By: Brian McNicoll | Accuracy in Media
Robert Klitzman, director of a masters program in bioethics at Columbia University, says Mike Pence’s comments on Charlie Gard are “alarming” because they seek to “undermine single-payer health systems.”
Pence “politicized a tragic story,” Klitzman said, when the vice president told Rush Limbaugh “the American people ought to reflect on the fact that for all the talk on the left about single payer, that’s where it takes us.”
Gard is the 11-month-old British boy suffering from Mitochondrial DNA Depletion Syndrome, a rare disease that would leave him severely and permanently cognitively disabled. His parents want to take him from a hospital in the UK to the United States for experimental treatments that experts say give him a 10 percent chance of survival.
Health officials in the UK have resisted this, saying his quality of life is unlikely ever to reach an acceptable level, and he should be put out of his misery, have his feeding tubes removed and be allowed to die.
Klitzman, author of a book entitled, “The Ethics Police? The Struggle to Make Human Research Safe,” doesn’t make an ethical argument. He says he thinks Charlie Gard’s parents should have the choice of bringing him to the U.S.
He takes issue with Pence’s linking of this controversy to single-payer. “Gard’s legal battles – and his family’s losses thus far – reflect the goals of the British and European court systems to prevent an infant from needless suffering, and not the costs or systems of care,” Klitzman writes. “Pence is suggesting the British judges are making their decisions because they are rationing health care. That is simply not the case.”
Of course, it is the case.
The British law that governs the National Health Service – the UK’s single-payer system – invests in the courts the responsibility of determining whether care can be withheld. Why else would it do this but to ensure money is not “wasted” on patients who have no hope of recovery?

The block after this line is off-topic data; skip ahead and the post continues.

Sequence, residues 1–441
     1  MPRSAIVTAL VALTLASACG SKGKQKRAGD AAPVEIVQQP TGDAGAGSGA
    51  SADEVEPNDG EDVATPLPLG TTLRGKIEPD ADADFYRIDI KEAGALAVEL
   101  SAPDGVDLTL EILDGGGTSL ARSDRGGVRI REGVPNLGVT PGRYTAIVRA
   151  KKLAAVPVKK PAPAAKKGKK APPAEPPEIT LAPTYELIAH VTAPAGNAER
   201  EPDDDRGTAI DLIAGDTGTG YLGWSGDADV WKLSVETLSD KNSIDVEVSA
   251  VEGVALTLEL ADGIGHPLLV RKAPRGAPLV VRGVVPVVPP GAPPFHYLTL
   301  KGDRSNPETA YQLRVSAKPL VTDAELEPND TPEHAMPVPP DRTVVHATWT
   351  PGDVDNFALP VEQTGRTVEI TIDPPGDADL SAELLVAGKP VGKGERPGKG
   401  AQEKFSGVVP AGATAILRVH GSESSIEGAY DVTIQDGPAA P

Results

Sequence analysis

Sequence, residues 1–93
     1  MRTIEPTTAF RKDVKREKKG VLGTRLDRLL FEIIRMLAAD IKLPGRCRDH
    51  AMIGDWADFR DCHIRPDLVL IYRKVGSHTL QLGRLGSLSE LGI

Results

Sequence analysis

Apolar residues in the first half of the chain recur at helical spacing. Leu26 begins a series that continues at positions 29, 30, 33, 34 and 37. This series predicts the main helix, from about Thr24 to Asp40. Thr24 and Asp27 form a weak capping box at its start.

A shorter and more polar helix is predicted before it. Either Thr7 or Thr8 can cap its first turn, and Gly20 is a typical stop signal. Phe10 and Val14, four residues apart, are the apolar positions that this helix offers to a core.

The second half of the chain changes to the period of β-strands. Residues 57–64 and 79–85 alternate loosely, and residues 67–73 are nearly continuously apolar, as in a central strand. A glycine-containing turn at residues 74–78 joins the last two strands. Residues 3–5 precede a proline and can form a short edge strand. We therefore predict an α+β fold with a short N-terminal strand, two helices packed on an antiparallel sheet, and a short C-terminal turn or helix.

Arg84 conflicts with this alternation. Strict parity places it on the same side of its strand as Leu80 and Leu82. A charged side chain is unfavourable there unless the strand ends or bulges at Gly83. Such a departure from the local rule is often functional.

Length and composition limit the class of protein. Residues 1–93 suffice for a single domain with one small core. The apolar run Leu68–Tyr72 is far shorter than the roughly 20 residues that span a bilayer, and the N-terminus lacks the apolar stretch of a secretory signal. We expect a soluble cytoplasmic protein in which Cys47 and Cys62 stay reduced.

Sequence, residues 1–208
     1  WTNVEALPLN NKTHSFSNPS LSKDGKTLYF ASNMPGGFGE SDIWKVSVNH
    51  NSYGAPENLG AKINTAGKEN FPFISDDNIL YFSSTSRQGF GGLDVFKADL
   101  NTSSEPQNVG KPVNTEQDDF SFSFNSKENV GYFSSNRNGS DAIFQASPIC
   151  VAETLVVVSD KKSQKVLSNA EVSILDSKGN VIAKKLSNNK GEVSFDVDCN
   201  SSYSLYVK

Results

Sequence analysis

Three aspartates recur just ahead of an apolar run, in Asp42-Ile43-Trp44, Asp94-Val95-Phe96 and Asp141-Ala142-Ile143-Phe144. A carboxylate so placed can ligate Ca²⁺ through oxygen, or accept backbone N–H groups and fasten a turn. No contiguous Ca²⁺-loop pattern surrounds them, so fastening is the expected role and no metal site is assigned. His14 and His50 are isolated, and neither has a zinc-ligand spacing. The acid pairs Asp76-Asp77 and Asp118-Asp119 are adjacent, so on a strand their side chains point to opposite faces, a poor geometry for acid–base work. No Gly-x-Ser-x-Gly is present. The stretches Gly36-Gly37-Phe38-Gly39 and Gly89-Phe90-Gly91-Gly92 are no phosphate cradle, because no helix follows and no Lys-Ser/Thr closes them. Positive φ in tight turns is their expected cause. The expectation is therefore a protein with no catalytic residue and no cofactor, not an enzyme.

There is no cost component to this particular decision. Gard’s story went viral weeks ago, and the money for the trip and treatment long since has been raised through crowd funding. But the system cannot make exceptions for Charlie Gard. Its decisions on who has hope of recovery, what constitutes recovery and reasonable hope are invested in courts whose decisions are driven – in part and probably in most – by cost.
Charlie Gard’s parents have long since determined they are willing to spend the time, money and patience to raise a child with diminished mental state. They have friends from all over the world now who would be willing to help. They have determined his life is worthwhile as is.
Carter Snead, director of the Center for Ethics and Culture and professor of law at Notre Dame, explained the problem thusly in a piece for CNN that sought to explain the Pope’s involvement:
“Pope Francis and Charlie’s parents seek to care for and comfort the patient the child now is, despite his perhaps permanently diminished state. Medical interventions that comfort or improve Charlie’s condition are seen as beneficial, even if they cannot restore his brain function to the preferred level.
“By contrast, the UK government and the hospital do not recognize any measure as beneficial that fails to give Charlie their idealized standard of cognitive function. Since they seem convinced that nothing can restore such functioning, the only ‘beneficial’ intervention is to terminate Charlie’s life-sustaining measures and for him to die.”
Klitzman compared the case to Terri Schiavo. In 1990, Schiavo, then in her late 20s, had a heart attack and suffered severe brain damage. Her parents were willing and able to keep her alive, but her husband claimed she had said she did not want to live on a feeding tube. He wanted to marry another woman but could not without resolving her situation.
Then-Gov. Jeb Bush of Florida signed “Terri’s law,” which ordered her feeding tube reinserted, but a court overturned the law. President Bush then signed a bill that transferred jurisdiction of her case to the federal government, but it too was overturned.
Imagine if you were Charlie Gard or Terri Schiavo. You are alive. You are feeling and experiencing things – Schiavo responded to verbal prompts – but you cannot express yourself.
Do you want the people who talk for you to be concerned about the costs or what your quality of life might be? Do you want others – whose charge is to save money – to judge what is comfortable enough for you to make life worthwhile?
Because that’s what single payer offers. It means decisions about life and death come down to costs. And even if private payers step up, once the system is in place, it must evaluate all such decisions on the same basis.
So who should speak on your behalf? Your loved ones who want what’s best for you? Or bean counters from the central office?